How to Fit Exercise Into Your Day

As parents, our lives are crazy busy, so here are some easy ways to make sure you’re finding ways to exercise.

Despite all the advice we parents get about self-care these days, our busy schedules—kids, work, extracurricular activities, and for many of us, aging parents—ensure that our fitness goals consistently end up last on our priority lists. To help remedy that, I spoke with Rachel Lozoff, a Pilates teacher, dancer, and founder of Daily Body Pilates, to get some tips for seasoned parents and new moms alike on developing and, even trickier, maintaining productive fitness habits.

You May Already Be Doing It 

Make your daily routine work for you. It’s a fact that many of us are abysmally overscheduled, so finding an hour three times a week to hit the gym may not be practical for everyone. (Kudos to you if you are making that happen!) It turns out you can still work fitness into your life by simply noticing and taking advantage of what you may already be doing. “I always tell my clients that everything counts,” Lozoff says. “Walking up the stairs instead of taking the elevator, playing with and picking up your kids, stretching or moving your body while you watch TV, or even adding a little aerobic exercise to your daily life by walking everywhere you normally walk, just a little more quickly.”

Be aware. I remember being surprised at how physically strenuous taking care of my first child felt. Whether it’s wrangling a fractious toddler into a stroller or spinning kids around during a dance party, parenting can take a physical toll. Trying to tune into your movements is a great way to help strengthen your body and avoid any chronic pain from starting or worsening. Lozoff calls this type of awareness “Livelates”(pronounced live-a lot-ease, a term Lozoff has trademarked), and it is one of the main strategies she says she uses to help her “stay strong, functional, and able to have daily wrestling matches with two young boys.”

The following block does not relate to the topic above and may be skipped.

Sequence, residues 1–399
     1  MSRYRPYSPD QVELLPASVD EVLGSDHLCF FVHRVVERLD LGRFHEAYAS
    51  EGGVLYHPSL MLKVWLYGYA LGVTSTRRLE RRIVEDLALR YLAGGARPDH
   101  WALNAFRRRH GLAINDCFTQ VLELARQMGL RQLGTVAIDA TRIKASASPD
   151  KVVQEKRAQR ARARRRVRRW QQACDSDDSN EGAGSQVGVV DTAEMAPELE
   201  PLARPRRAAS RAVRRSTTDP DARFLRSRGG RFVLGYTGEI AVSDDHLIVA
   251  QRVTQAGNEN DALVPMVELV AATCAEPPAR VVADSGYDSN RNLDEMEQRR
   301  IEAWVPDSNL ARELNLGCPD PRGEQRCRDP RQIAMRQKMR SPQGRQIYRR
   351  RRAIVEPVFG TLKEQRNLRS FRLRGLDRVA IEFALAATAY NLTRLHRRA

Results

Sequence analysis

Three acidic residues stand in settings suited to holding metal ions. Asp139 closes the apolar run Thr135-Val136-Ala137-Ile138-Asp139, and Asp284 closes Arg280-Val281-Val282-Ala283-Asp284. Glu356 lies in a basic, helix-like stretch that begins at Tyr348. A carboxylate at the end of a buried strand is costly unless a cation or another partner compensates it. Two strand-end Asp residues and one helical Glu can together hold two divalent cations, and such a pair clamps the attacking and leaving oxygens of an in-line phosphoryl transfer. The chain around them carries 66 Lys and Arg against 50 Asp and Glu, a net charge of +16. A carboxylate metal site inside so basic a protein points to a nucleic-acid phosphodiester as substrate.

rachel lozoff

Rachel Lozoff, a Pilates teacher, dancer, and founder of Daily Body Pilates.

Even when you’re not around your kids, you should try to maintain that awareness. Sometimes it makes sense to sweat the small stuff. “Alignment and posture are also things you can be aware of as a way to prevent overuse or injury,” Lozoff says. “Are you twisting your body to look at your computer screen at work? Do you carry all of your bags on the same shoulder all the time? Details like this may seem minor or unimportant in the moment, but can contribute to general aches and pains, and even overuse injuries, over time.”  

Consider how you’re framing it. It may be helpful to think about working out in a way that speaks to you and your own personal needs and wishes. Maybe it’s a means to incorporate some time to yourself, a way to stay sane when everyone is wanting a piece of you, or simply something that is going to make you a calmer, better parent. “While the physicality of our lives in NYC can be taxing,” Lozoff says, “seeing your fourth-floor walkup as a daily opportunity to keep your legs and gluteals strong can help it feel less like torture and more like a few minutes of exercise that really will add up and make you stronger.”

Make a Habit of It

Take some time to plan before you start. Lozoff breaks down how to carve out time from our busy daily routines. The first step, she says, is to find 5-10 minutes of movement. “This can be from a class you take, a video you like, or one of many online fitness options,” she says. “If you can memorize the movement over time, this will make it easier to fit in to your daily life. 

Another thing Lozoff recommends is picking a time of day when you can squeeze in those few minutes. That could be first thing in the morning, after your child goes down for his nap, on your lunch hour, or after your kids go to sleep at night. “This five to ten minutes can be a manageable amount of time to start with and can still go a long way toward feeling good,” she says.

“Once you get into the habit of fitting regular movement into your day, you can slowly start making your routine longer,” she adds. When I first began exercising after childbirth, I started by simply lying down on my yoga mat and trying to tune into my abdominal core muscles. Once I felt ready to move on, I worked up from there to include more strenuous exercises. Lozoff also advises trying to make the first five minutes of your session consist of the same exercises, so that over time you know the movements so well that you can lie down anywhere, anytime, and devote a few minutes to work out.